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COMMENTARY: Bolde Responds To Marine Graduation Story

This is a personal response to an article generated by the KHTS News Department on Wednesday, March 4. It is printed exactly as received and reflects the opinion of the writer. Read the original article here.

By Bill Bolde

Sponsored By:

Prima Pediatrics

Over the past 6 years,

Saugus
High School
has had 9 graduating seniors gain acceptance­­­­­ to various academies of the United States Armed Forces. We know that more than 100 other Centurion students over that time have made a commitment to join the U.S.
military and serve their country. As Principal, I’ve been most proud of these students’ accomplishments and their willingness to be trained to one day trek to remote parts of the world to man a post or engage in combat to protect the freedoms we enjoy every day.  These students embody bravery, courage and leadership. I respect their character and I long to honor their commitment.

 Image

Recently, I received a request by a parent of a student who graduated early to allow her son to walk in the commencement ceremony this June in full Marine dress blues.  My original thoughts can best be categorized under two umbrellas - personal values and school protocols.  Fundamentally, I value the human price we pay as a nation each year to protect our liberties. Affording a student who graduated early and who is proud of his new title as United States Marine to walk in his uniform at graduation is a positive thing for the student, the school, and the community.  Administratively, I recognized that we have never done anything like this before. We have consistently had the practice of all graduates wearing the traditional cap and gown during the ceremony. In fact, we’ve always had the wording in the contract for seniors that specifically states that “no alterations, substitutions or modifications” may be made to the attire.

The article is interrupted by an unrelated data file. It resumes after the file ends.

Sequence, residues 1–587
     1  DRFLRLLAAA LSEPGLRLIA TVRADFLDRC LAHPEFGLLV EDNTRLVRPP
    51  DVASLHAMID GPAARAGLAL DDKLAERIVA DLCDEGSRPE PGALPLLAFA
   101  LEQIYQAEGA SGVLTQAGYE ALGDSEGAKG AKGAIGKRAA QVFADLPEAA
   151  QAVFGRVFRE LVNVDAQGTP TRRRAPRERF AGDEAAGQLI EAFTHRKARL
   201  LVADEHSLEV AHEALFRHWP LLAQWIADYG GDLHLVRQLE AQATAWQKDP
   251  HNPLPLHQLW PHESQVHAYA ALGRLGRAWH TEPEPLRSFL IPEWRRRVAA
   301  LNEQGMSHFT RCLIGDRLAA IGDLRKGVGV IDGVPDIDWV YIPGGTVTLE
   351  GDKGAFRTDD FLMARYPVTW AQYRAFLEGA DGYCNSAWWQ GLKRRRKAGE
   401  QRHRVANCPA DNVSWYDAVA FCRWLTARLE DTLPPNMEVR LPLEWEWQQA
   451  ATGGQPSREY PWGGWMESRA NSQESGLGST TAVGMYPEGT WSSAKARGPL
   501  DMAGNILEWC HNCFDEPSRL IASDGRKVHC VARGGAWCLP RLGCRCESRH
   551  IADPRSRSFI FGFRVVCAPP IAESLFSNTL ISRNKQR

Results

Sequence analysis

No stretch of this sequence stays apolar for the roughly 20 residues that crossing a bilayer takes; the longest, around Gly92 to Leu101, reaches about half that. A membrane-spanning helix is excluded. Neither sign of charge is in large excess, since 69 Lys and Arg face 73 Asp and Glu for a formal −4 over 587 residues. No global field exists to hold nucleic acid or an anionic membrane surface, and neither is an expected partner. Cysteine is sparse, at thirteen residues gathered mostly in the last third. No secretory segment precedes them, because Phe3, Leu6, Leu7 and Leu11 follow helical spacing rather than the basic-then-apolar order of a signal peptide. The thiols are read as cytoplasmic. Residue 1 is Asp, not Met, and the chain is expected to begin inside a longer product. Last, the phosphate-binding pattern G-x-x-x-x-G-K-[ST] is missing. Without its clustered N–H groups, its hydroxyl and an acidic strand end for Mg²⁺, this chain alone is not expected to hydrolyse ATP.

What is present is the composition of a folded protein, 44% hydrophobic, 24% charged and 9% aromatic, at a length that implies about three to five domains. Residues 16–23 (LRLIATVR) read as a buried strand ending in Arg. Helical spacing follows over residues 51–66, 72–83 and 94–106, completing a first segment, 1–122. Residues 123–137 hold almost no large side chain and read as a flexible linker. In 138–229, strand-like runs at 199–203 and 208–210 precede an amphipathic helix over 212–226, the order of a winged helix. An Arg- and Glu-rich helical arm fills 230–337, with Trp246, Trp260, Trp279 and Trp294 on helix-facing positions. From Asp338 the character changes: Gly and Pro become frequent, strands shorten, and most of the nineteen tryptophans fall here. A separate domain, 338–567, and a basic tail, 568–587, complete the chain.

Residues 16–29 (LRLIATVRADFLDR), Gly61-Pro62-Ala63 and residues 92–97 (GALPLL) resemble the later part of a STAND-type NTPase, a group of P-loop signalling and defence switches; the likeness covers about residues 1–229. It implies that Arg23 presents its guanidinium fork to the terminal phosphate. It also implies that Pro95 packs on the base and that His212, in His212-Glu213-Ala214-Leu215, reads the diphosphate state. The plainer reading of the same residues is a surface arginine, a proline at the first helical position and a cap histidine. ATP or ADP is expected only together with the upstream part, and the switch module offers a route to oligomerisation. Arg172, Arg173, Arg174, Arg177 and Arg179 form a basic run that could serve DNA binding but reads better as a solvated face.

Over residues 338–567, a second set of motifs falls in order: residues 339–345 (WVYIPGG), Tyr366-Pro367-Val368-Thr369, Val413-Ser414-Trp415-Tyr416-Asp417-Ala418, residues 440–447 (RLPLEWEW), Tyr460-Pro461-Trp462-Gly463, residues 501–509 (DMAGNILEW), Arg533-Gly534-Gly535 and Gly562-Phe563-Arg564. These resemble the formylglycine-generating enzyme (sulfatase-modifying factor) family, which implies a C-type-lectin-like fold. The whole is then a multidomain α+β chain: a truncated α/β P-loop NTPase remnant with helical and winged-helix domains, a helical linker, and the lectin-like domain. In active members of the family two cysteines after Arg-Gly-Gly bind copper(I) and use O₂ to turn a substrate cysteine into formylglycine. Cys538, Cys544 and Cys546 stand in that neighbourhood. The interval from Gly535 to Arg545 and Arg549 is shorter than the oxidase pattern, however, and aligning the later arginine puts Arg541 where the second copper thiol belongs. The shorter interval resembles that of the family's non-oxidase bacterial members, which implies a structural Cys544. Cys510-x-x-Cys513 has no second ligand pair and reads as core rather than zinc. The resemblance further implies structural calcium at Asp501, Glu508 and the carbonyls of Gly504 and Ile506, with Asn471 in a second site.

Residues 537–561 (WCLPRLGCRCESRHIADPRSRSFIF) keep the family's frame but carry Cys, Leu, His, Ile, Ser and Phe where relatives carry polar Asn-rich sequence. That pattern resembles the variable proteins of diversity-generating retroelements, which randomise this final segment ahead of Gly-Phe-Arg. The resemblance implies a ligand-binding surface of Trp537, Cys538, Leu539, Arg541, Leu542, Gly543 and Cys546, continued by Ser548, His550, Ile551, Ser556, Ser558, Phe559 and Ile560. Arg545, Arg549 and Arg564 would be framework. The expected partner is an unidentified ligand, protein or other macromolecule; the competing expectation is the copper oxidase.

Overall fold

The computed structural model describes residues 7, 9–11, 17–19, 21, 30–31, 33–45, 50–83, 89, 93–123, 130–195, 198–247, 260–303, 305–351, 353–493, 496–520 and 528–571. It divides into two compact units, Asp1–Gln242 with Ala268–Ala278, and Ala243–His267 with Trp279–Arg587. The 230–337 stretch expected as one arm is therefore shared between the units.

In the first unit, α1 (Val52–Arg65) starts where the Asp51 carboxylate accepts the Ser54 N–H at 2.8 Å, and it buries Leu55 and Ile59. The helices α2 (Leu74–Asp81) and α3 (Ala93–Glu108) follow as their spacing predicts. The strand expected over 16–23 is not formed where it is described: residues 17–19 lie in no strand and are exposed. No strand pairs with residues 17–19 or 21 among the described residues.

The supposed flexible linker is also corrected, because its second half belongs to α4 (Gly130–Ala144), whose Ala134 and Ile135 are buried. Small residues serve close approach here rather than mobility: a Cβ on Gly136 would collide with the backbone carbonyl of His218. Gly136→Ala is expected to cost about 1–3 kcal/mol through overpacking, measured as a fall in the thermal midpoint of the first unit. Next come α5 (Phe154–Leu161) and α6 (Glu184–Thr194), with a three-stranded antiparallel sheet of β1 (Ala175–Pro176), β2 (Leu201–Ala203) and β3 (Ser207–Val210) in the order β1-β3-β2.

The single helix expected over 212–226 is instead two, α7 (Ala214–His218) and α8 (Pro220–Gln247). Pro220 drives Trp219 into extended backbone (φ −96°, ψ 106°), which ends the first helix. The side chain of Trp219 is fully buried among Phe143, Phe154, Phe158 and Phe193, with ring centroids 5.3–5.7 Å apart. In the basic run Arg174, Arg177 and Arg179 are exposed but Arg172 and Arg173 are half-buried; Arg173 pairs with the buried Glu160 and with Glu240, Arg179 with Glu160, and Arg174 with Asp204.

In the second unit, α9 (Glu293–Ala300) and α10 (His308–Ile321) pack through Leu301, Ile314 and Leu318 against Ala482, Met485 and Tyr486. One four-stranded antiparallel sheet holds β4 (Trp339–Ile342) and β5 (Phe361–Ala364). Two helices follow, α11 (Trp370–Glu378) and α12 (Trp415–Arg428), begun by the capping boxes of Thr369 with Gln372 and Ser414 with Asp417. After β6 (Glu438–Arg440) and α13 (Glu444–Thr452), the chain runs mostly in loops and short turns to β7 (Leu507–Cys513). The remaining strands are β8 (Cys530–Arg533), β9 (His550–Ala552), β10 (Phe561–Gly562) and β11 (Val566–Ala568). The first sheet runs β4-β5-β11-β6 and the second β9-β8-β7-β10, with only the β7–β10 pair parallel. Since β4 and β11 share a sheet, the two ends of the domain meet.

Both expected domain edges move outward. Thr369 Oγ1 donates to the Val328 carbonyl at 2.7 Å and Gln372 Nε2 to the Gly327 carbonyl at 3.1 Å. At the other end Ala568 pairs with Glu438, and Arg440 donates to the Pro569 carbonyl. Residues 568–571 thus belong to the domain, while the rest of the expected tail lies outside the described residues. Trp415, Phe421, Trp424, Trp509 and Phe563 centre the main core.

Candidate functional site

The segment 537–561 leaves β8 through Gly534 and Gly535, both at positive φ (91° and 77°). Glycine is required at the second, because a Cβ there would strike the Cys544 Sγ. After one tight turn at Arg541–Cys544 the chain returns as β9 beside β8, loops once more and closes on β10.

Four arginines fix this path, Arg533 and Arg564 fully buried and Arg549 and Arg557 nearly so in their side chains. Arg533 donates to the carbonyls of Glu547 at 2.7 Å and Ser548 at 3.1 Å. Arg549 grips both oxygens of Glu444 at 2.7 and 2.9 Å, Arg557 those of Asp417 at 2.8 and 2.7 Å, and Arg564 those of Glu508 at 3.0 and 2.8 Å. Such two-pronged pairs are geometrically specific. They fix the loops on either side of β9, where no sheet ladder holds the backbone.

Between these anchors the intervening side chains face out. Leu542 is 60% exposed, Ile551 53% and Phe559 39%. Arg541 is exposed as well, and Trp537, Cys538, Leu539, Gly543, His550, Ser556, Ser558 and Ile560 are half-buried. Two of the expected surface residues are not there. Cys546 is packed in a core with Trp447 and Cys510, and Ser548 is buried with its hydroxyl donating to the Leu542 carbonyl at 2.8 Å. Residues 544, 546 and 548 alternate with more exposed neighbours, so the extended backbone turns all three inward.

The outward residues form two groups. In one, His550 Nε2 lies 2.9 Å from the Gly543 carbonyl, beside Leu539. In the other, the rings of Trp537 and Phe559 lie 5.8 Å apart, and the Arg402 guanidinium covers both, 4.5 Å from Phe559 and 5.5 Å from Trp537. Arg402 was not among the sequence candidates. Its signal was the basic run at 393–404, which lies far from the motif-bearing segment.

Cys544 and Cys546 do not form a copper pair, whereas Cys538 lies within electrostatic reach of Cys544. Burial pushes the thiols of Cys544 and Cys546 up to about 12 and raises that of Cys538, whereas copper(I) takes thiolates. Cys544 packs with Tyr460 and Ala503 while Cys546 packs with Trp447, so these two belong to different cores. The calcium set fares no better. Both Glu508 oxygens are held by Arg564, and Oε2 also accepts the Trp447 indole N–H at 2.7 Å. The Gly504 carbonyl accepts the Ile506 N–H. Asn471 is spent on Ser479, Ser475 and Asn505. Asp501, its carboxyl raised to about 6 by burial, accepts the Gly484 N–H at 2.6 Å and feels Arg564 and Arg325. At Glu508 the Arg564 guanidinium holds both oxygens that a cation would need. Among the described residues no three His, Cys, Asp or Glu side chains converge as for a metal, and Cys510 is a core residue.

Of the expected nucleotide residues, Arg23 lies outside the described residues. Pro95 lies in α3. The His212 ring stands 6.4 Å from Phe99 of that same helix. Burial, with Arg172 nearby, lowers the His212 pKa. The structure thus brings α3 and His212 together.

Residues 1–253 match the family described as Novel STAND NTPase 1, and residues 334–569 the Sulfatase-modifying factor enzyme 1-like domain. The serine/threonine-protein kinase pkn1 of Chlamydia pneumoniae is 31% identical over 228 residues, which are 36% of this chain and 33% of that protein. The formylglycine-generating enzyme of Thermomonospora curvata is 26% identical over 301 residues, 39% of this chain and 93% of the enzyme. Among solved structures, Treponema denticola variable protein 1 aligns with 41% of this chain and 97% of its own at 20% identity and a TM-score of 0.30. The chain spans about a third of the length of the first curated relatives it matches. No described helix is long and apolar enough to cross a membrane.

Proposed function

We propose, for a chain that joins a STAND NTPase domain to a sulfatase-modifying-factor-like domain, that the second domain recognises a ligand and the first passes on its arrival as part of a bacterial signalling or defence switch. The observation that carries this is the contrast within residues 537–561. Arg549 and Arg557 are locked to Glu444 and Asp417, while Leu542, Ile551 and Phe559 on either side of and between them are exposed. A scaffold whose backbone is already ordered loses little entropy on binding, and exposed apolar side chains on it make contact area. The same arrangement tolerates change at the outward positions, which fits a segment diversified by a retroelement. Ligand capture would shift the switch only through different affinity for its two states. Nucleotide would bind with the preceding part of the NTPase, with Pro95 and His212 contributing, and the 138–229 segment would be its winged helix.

As is common with many leaders in all walks of life, I take council with many of my administrative peers, educational colleagues and respected friends. Through the process of searching for the appropriate resolve, I entertained calls from Congressman McKeon’s Office and Governor Schwarzenegger’s Office. I had conversations with Mr. Castellanos, my Superintendent, as well as other district leaders. I have even talked directly to officers of the U.S. Marine corp. I believe it is always most prudent to gather as much information as possible while making significant decisions that affect a lot of people.

Last Friday, I called the young man’s mom and asked if we might be able to meet again. I wanted to hear her heart and try to look through a new lens.  She conveyed to me the importance of her son’s wish to wear the uniform. From the time he was a toddler, all he wanted was to be a Marine. We had a wonderful exchange and I told her that I would not only advocate for her son to walk in his uniform, but I would champion a resolution that would allow other students who become members of the military as early grads the same accord.  That night, I was able to talk to the Saugus Graduate who was in basic training at

Camp
Pendleton
. It was an inspiring conversation.  The next morning, I went to my office and drafted some language that could be presented to Administrative Council and upon approval, be forwarded to the governing board. I feel confident that that process is going down a positive pathway for this year and in the future… for Saugus
High School
and all schools in the Hart District.

I am a proud American who honors and prays daily for our military leaders as well as the men and women all over the world who make up our armed forces. My intent has never been to dishonor those who stand watch for our liberties. This week, I have had follow up conversations with the mom and know that she has been very complimentary of the resolution to her son’s request. Her son, Nicholas Laccabue is going to walk proudly in his dress blues at the

Saugus
High School
graduation ceremony June 3rd.  I am looking forward to putting the lamp of learning medallion around his neck, shaking his hand and telling him “well done” as he crosses the stage.